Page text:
The Padres had their chances to overcome Davies’ dud and get back into the game against starter Adam Wainwright, a 39-year-old veteran making the 28th postseason appearance and 14th postseason start of his career. Alas, one-out singles in each of the first three innings went for naught. Machado grounded into an inning-ending double play following Tatis’ single in the first, Tommy Pham was stranded after an infield single in the second, and after a Jake Cronenworth single and Trent Grisham walk, both Tatis and Machado struck out swinging at fastballs in the third.

The Padres broke through and chased Wainwright in the fourth. Consecutive singles by Eric Hosmer, Pham, and Mitch Moreland loaded the bases with nobody out, and Hosmer scored when Wil Myers grounded to Edman, who forced Pham at third base but was too late in throwing to complete the double play. A wild pitch sent Moreland to third, and an Austin Nola walk loaded the bases and ended Wainwright’s night early. Reliever Austin Gomber walked Cronenworth on seven pitches, forcing in a run, but recovered to strike out both Grisham and Tatis, the latter on three pitches.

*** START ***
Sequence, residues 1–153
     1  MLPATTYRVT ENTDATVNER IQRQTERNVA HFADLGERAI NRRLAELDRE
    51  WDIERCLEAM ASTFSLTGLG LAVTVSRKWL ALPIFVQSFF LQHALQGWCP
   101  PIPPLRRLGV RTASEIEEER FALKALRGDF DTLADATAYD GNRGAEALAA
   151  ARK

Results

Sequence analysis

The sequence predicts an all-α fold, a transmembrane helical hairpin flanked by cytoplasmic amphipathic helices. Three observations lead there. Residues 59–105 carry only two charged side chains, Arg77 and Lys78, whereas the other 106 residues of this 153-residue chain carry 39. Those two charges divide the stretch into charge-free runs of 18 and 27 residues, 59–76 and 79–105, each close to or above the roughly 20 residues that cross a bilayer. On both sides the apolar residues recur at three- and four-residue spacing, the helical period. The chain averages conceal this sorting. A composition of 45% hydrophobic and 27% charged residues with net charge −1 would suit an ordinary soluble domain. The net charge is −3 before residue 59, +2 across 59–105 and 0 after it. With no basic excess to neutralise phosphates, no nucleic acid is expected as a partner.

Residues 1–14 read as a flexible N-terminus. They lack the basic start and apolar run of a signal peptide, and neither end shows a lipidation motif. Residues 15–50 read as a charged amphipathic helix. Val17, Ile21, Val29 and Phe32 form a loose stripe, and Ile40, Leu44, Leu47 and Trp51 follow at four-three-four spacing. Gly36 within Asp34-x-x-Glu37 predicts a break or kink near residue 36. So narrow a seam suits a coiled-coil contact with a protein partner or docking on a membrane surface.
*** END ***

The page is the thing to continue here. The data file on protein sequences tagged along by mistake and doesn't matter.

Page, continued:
So the Padres entered the sixth inning with their all-too-familiar four-run deficit, with Tatis and Machado a combined 1-for-6 with three strikeouts and eight men left on base. When Nola and Cronenworth drew walks against Génesis Cabrera to start the sixth, Tatis got his chance for redemption in the form of a slider from Giovanny Gallegos that hung in the middle of the zone. The 21-year-old phenom, whose 17 homers ranked second in the NL during the regular season, didn’t miss it:

Tatis’ 377-foot drive trimmed the Cardinals’ lead to 6-5. Seven pitches later, Gallegos came upstairs with a 93.5 mph fastball, and Machado, whose 16 homers tied for third in the NL, was ready: